Synergising One Health Collaborations
eting series on 17 and 24 October 2018,
with 22 organisations participating. Presenters from most global regions- Africa (Central, East, South), Americas, Europe, SE Asia reinforced the importance of sharing information on their activities and seeking areas for collaboration. Attendees found the presentations very informative with many connecting directly with presenters afterwards
In light of this background information, the OHETF is writing to ask whether you (plus an alternate) would be interested in participating in an expanded International One Health Education Initiative (IOHEI) that would:
- Revisit the One Health Education Pre-Proposal Conference Summary
- Prepare a second press release calling for participants committed to advancing international One Health education at all levels, from primary to post-secondary, professional and civil society, seeking representation from each global region and from all realms of One Health.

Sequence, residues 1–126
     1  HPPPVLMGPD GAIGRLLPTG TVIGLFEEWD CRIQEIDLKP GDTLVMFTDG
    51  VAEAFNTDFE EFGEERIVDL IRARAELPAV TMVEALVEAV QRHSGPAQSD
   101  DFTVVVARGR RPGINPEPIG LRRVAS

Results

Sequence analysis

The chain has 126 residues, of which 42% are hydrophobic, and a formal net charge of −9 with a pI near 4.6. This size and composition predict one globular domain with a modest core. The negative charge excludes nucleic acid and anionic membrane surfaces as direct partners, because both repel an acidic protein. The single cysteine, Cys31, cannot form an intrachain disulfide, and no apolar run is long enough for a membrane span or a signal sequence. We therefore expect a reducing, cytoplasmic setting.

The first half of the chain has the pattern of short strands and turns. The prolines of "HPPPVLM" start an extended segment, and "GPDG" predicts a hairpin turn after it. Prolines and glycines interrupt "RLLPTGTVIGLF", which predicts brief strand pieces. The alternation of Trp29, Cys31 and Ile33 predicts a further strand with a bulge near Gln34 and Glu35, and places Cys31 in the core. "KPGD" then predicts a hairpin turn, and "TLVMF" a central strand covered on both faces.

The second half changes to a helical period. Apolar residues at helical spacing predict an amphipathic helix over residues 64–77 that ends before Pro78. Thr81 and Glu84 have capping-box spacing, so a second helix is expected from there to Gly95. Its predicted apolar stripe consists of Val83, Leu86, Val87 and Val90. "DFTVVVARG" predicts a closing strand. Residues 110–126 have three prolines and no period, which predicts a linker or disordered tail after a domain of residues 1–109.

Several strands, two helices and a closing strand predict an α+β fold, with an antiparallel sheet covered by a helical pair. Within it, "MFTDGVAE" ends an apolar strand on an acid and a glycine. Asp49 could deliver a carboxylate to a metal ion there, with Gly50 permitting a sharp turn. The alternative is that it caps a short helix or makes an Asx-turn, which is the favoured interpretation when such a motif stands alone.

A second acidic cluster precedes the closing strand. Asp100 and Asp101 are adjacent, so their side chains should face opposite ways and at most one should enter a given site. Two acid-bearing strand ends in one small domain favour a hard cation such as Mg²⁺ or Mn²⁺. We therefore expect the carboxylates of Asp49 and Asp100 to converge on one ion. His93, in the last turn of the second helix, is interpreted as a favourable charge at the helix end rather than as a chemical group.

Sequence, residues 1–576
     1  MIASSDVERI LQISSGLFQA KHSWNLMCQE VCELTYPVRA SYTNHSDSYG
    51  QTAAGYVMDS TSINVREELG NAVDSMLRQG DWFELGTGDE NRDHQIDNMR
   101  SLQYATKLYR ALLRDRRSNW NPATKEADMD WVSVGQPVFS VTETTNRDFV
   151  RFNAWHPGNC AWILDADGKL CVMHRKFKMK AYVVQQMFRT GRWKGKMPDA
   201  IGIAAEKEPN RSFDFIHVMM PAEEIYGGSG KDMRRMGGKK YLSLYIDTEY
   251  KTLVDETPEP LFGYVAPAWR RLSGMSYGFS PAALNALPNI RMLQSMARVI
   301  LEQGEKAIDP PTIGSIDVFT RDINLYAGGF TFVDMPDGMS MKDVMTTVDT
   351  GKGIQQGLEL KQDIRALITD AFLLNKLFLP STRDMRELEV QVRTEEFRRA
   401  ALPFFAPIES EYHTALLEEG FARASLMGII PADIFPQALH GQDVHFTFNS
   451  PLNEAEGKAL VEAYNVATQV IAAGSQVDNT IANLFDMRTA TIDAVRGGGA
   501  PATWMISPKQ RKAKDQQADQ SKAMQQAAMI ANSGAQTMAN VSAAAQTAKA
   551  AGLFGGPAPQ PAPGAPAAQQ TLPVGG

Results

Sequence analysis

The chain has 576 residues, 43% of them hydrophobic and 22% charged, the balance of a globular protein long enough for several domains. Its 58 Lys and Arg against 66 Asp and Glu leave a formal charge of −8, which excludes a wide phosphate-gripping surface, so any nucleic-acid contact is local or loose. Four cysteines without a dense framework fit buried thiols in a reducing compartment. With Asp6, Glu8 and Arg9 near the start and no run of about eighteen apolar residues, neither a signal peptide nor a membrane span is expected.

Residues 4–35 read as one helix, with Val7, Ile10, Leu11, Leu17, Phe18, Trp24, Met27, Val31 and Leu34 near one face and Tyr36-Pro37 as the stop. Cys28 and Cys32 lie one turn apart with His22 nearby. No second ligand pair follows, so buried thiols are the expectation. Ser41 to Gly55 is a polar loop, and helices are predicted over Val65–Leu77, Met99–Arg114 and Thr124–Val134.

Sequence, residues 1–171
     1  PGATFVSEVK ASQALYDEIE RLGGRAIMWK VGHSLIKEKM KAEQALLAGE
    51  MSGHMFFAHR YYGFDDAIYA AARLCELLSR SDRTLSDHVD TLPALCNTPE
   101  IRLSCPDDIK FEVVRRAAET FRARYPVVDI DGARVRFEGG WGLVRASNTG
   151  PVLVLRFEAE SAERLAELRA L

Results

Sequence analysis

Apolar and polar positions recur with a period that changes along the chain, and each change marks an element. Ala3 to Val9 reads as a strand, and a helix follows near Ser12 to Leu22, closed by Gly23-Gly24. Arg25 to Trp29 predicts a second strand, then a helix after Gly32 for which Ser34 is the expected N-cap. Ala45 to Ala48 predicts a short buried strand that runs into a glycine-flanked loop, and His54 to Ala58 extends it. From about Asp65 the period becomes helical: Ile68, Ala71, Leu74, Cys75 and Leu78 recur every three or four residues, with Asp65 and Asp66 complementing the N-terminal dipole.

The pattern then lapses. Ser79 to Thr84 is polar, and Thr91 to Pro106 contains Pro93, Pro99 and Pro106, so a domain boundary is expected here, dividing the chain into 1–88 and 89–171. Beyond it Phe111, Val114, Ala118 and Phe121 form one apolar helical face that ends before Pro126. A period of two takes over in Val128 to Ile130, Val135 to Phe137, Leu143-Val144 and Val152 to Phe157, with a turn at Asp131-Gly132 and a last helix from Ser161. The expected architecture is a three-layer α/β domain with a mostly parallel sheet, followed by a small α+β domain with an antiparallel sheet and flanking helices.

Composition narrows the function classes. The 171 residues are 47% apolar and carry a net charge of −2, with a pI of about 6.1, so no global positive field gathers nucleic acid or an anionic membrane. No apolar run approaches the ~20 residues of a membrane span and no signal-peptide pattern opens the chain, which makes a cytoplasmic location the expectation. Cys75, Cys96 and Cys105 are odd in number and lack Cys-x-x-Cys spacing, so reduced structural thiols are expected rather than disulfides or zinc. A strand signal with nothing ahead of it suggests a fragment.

- Develop an IOHEI strategic plan for advancing One Health education that involves both collaborative grant writing and group actions (publications, workshops, other) that could be conducted prior to receiving major funding
- Generally make global noise about One Health education
This would require passion and long-term commitment to online group meetings and contributions. There would be no ‘resting on laurels’; but such an expanded IOHEI could provide a platform for us to work together to make envisioned One Health Education actions happen.
f you are interested in exploring being part of such an expanded IOHEI, please respond by emailing me
April 26, 2019.
George Lueddeke, MEd.,PhD